TALKEETNA RETAINS THE TRUE IMAGE OF ALASKA’S PAST
By Bill Vanderford
Downtown Talkeetna - Photo by Bill Vanderford
A sign nailed to a tree in the middle of town reads: Welcome to Beautiful Downtown Talkeetna”, and often takes visitors by surprise. By urban standards, this tiny Alaskan village resembles nothing of urbanity. But the beauty of Talkeetna is not in its streets or buildings. It is in the majesty of being near North America’s tallest mountain, Mt. McKinley, and a history that dates to the gold rush of 1896 when hopeful prospectors came to the confluence of the Talkeetna and Susitna Rivers. This is still very much a frontier town.
For those planning a visit to Alaska in summer, Talkeetna should be on your places to see. Not only is Mt. McKinley on your doorstep, but the surrounding country is equally breathtaking, and filled with abundant opportunities to hike, mountain bike, fish, horseback ride, ride and go on wildlife photo safaris.
Located just over 100 miles north of Anchorage, Talkeetna was originally the site of a Tanaina Indian village. Miners established the first trading post here in 1896 and by 1910 Talkeetna had become a riverboat steamer station. Five years later, the town was designated as the site for the Alaska Engineering Commission, which would build the Alaska Railroad.
At Horseshoe Lake near Talkeetna - Photo by Bill Vanderford
World War I and the completion of the railroad in 1919 decreased the population dramatically and it never rallied. Today, it registers at less than 400 people and, with 15 of Talkeetna’s 24 buildings on the National Register of Historic Places, it feels like it has been caught in a time-warp of yesteryear.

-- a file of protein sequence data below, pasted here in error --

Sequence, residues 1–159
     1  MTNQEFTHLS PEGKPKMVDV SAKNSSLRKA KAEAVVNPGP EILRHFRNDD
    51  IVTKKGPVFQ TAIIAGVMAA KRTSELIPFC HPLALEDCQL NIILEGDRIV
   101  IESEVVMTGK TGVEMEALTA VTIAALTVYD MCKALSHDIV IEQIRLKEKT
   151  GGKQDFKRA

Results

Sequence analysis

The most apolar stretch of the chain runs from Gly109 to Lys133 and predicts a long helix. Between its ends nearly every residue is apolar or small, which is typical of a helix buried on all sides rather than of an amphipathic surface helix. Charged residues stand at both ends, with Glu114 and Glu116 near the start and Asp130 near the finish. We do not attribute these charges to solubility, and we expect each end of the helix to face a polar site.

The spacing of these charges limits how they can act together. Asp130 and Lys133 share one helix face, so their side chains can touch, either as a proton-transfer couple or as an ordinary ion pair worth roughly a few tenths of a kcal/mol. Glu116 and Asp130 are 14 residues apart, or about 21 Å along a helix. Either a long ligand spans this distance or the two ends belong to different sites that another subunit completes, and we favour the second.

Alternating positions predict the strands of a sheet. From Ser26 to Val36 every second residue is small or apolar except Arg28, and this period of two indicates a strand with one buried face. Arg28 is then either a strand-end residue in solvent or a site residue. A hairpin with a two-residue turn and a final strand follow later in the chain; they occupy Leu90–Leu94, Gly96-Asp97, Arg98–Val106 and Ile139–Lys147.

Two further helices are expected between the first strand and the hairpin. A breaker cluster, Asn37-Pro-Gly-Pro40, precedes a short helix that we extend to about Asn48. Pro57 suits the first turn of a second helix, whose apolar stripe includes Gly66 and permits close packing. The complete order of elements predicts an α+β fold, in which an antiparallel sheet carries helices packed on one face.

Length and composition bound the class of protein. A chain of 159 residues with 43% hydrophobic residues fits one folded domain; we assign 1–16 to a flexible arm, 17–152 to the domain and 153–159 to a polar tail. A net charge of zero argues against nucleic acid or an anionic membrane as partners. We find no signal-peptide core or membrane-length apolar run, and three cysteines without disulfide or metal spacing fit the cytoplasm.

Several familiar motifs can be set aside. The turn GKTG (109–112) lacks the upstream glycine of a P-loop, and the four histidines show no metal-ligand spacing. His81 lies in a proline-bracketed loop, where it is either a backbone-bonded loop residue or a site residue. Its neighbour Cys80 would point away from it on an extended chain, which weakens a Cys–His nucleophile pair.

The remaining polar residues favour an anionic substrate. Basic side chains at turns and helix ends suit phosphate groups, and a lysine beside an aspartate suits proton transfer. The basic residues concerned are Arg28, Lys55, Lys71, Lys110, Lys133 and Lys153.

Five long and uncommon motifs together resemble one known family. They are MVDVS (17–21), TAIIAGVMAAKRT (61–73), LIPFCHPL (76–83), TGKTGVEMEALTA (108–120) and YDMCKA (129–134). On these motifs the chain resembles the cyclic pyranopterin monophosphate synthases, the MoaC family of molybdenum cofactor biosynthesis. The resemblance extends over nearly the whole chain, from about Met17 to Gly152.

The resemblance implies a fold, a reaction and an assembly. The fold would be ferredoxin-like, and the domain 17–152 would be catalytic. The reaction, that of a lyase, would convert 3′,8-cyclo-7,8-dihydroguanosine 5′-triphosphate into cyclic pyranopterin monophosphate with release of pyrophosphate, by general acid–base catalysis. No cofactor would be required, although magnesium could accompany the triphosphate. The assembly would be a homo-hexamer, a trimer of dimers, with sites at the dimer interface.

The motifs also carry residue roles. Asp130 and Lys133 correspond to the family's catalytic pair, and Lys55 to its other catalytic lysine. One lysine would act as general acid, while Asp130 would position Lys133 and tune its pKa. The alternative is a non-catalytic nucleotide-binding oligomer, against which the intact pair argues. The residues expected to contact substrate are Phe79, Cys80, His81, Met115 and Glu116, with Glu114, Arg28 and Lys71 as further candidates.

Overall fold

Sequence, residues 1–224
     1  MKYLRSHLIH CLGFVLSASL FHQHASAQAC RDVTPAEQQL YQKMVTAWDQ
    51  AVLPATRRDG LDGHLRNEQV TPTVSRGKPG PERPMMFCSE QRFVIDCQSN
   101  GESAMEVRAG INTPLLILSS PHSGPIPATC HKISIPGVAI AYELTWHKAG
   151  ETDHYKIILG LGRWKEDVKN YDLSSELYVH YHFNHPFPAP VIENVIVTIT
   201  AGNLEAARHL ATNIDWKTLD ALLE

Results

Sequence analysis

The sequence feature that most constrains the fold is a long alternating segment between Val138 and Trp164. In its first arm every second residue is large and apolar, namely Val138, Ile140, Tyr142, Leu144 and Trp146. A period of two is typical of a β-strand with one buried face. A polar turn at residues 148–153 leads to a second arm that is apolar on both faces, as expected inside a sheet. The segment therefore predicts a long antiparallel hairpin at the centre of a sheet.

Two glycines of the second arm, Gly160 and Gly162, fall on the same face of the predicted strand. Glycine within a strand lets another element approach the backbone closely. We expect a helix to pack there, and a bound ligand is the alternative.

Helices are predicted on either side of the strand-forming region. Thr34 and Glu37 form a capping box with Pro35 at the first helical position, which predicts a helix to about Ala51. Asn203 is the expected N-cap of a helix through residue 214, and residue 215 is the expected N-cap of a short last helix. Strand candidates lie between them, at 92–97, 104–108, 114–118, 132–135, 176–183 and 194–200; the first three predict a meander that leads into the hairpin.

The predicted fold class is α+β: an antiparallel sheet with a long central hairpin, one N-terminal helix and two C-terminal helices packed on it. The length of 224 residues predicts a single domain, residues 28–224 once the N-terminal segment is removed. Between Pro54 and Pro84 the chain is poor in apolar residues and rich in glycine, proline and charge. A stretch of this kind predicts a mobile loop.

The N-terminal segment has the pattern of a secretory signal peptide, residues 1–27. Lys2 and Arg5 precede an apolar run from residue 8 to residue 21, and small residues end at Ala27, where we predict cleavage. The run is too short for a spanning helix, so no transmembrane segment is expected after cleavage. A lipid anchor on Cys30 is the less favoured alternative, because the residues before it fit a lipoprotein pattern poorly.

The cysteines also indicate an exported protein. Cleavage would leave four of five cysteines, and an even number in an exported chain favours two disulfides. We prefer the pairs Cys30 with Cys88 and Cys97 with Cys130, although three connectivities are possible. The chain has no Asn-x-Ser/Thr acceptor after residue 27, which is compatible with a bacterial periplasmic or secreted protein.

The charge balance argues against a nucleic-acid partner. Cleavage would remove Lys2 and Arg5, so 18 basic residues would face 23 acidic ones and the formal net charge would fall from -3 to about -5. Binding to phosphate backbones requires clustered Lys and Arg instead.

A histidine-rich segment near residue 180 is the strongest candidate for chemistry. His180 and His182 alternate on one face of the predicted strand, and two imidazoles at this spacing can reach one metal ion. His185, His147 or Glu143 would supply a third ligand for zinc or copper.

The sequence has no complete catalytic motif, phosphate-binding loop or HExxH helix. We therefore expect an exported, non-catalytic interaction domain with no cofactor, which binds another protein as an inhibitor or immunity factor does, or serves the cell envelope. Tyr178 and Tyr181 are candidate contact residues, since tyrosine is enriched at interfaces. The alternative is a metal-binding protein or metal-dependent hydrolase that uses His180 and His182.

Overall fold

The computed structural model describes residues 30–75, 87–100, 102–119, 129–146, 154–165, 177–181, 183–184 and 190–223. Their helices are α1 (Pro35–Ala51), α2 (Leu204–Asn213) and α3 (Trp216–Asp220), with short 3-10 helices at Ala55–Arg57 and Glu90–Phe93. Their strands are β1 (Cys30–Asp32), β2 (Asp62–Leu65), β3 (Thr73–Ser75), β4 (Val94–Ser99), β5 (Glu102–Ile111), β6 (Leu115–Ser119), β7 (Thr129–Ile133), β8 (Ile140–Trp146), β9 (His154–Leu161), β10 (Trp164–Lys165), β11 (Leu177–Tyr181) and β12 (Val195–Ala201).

The Museum of Northern Adventure and the Historical Society Museum detail Talkeetna’s history. The former is housed in an old one-room schoolhouse and displays historical items, local art, a historical library and a display on Don Sheldon, a famous bush pilot.
A highlight of the summer season is the annual Moose Dropping Festival in July, staged by the Talkeetna Historical Society. The celebration starts with the Mountain Mother Contest where women participants split a quart of wood and run an obstacle course with snowshoes, all with the equivalent weight of a baby strapped on their back. The final event is the Moose Drop Contest, where contestants buy a moose dropping which is taken up in a helicopter and dropped onto a target. The person who bought the “moose missile” that lands closest to the target splits the winning money-pot with the Society.
Mt.Mckinley Near Talkeetna - Photo by Bill Vanderford
Although the tiny village is known primarily for its proximity to Mt. McKinley and some of the best fishing in Alaska, it really is an extraordinary hamlet where the pioneer spirit of Alaska makes it a ‘must-see’ on every itinerary.
For more information, visit: www.talkeetnachamber.org/
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